Do Not Shoot the Interpreter!

love your interpreter

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Interpreting is a rather complex procedure. Leaving aside the educational and training background, a subject that has been explained widely, the actual process that takes place in the brain of an interpreter in action is difficult to describe. Consider the interpreter’s head as a machine that from one side a language flows constantly in and another one pours out from the other side. A machine, only a human one. A trained interpreter has some burnt brain cells during training and perhaps some more throughout his/her career. It is inevitable!

Below I will attempt to describe some thoughts of a Greek-English-Greek interpreter (my own!) that have occurred during or looking back (not in anger!) at some of the interpreting assignments I have completed in the past.

Two interpreters are needed when an interpreting project’s duration exceeds three hours. They tend to take turns every thirty minutes to rest for a short period of time and so it goes until the end of the interpreting assignment. God forbid, when only one interpreter sits in the booth alone for more than 3 hours. I recall at the beginning of my career sitting alone in a booth and not being able to walk let alone use my head after the assignment. A fried brain is a non-working brain.

The time an interpreter is in action is a holy and sacred time. Concentration and focus are key elements. During this time, nothing exists; the interpreter is in an isolated place of her/his own, in outer space with nothing surrounding her/him but the voices in the headphones. And yes, it can happen that the brain can go blank, an interpreter may not temporarily remember a term in any language she/her speaks. It is but human. Panic does strike when this is realized and skillful bouncing back topped with lots of self-control and composure is rapidly in need.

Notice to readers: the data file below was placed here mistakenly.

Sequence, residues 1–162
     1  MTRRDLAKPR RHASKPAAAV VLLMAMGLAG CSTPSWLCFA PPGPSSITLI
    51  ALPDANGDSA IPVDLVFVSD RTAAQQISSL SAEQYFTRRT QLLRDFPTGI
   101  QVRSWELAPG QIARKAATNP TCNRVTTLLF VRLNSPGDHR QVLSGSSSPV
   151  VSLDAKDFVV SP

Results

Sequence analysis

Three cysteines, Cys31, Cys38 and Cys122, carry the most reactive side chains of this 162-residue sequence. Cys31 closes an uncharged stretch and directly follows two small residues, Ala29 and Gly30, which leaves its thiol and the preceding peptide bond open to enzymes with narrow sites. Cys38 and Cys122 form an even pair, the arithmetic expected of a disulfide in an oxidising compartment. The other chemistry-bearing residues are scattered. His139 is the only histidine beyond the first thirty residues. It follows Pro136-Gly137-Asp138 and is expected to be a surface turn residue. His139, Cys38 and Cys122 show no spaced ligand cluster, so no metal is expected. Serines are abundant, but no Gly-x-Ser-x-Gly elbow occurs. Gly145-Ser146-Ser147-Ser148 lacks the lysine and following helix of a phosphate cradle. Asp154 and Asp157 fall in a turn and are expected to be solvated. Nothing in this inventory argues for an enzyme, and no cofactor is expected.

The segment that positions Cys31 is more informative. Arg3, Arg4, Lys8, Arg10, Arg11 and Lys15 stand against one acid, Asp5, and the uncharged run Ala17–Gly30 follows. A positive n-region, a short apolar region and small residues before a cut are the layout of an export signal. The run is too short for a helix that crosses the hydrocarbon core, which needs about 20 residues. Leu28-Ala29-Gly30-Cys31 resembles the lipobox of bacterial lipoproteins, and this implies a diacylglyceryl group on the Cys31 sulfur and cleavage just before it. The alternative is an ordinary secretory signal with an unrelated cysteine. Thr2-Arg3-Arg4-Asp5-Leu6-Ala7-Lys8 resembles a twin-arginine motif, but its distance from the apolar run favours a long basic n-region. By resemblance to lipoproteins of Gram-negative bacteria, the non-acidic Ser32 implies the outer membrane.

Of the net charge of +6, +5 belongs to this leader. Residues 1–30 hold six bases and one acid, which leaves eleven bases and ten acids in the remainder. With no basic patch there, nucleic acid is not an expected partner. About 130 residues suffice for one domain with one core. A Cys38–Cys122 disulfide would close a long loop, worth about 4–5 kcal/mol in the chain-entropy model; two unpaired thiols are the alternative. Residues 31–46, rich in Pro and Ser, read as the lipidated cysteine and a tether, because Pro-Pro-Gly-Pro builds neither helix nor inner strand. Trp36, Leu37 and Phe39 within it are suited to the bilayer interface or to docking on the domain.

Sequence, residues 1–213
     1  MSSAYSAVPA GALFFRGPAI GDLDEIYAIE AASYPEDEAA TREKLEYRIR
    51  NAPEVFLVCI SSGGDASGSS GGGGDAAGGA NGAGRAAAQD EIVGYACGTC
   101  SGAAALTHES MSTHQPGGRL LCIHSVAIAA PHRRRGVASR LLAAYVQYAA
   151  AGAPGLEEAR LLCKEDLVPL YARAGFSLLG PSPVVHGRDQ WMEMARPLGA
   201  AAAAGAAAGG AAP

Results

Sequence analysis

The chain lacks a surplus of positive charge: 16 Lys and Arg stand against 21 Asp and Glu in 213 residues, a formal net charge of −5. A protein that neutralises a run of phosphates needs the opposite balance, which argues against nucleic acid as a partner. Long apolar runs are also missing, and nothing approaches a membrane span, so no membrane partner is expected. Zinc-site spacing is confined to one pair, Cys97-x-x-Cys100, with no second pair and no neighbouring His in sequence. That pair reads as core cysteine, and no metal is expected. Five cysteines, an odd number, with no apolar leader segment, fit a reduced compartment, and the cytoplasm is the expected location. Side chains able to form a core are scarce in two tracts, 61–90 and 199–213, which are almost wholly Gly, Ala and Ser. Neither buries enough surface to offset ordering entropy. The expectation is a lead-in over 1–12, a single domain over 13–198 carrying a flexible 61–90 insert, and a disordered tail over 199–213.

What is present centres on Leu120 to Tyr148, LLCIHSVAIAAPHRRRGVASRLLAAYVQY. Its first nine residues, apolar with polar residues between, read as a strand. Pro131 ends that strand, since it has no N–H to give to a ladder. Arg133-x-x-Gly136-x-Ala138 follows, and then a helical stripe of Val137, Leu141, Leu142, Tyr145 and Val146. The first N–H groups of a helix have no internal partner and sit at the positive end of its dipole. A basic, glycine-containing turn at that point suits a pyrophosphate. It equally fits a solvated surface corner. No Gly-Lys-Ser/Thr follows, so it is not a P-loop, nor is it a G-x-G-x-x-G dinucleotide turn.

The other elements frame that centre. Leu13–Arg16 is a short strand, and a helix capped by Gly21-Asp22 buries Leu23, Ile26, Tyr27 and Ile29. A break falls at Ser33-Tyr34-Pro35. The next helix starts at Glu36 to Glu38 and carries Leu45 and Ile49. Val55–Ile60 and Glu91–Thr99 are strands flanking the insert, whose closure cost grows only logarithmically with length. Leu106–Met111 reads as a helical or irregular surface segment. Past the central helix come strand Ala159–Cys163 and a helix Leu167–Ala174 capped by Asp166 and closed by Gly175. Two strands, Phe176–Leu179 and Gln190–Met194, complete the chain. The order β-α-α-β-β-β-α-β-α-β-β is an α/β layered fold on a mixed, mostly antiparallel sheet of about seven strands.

Sometimes arguments and hot-blooded, fiery, offensive opinions are heard that can cause potential nerve turbulence in the hall. Again, the interpreter needs to step in and perhaps act as a fire-fighter. Silence on behalf of the interpreter is usually adopted until the hall quiets down.

Interpreters tend to be hidden inside their booths and act like a voice coming from afar. None usually sees them. The booth is their home; they feel secure behind its closed door. So, when one gets out of her/his comfort zone and can actually been seen, a little more stress and nervousness is added until she/he adapts to the unfamiliar habitat! Lots of eyes stare at them and they are under the spot-light.

Criticism comes with the profession, just like with any other professions! Usually it comes from people who not only are unable to perform a simple task of interpreting but being under the same stress would not even remember their own name. Applause and congratulations do come with it too, thank God! I remember seeing a moderator giving me the thumbs-up when a non-native speaker was giving his speech in my language combination.

Lots of terminology research and studying is hidden behind every interpreting assignment. I tend to see every assignment as an exam that I need to pass. An exam with no particular material, no books to prepare me for it. A topic’s terminology is so vast that could not ever be covered to its max. It is thin air! Oh, the joy and how convenient it is for me when the speeches are at my disposal days in advance! The element of surprise is minimized!

Every assignment stays in the temporary memory of my hard-drive (my brain). When the assignment is over, the temporary memory file empties, as if a Delete-button is miraculously pressed. People approach me asking what the interpreting was about and I look at them with the expression of a clueless animal curved in my face. I simply do not remember!

To all the interpreters of the world:  What thoughts have come through your head during or after an interpreting assignment? Please, do not let me stand here alone, do share them with me!

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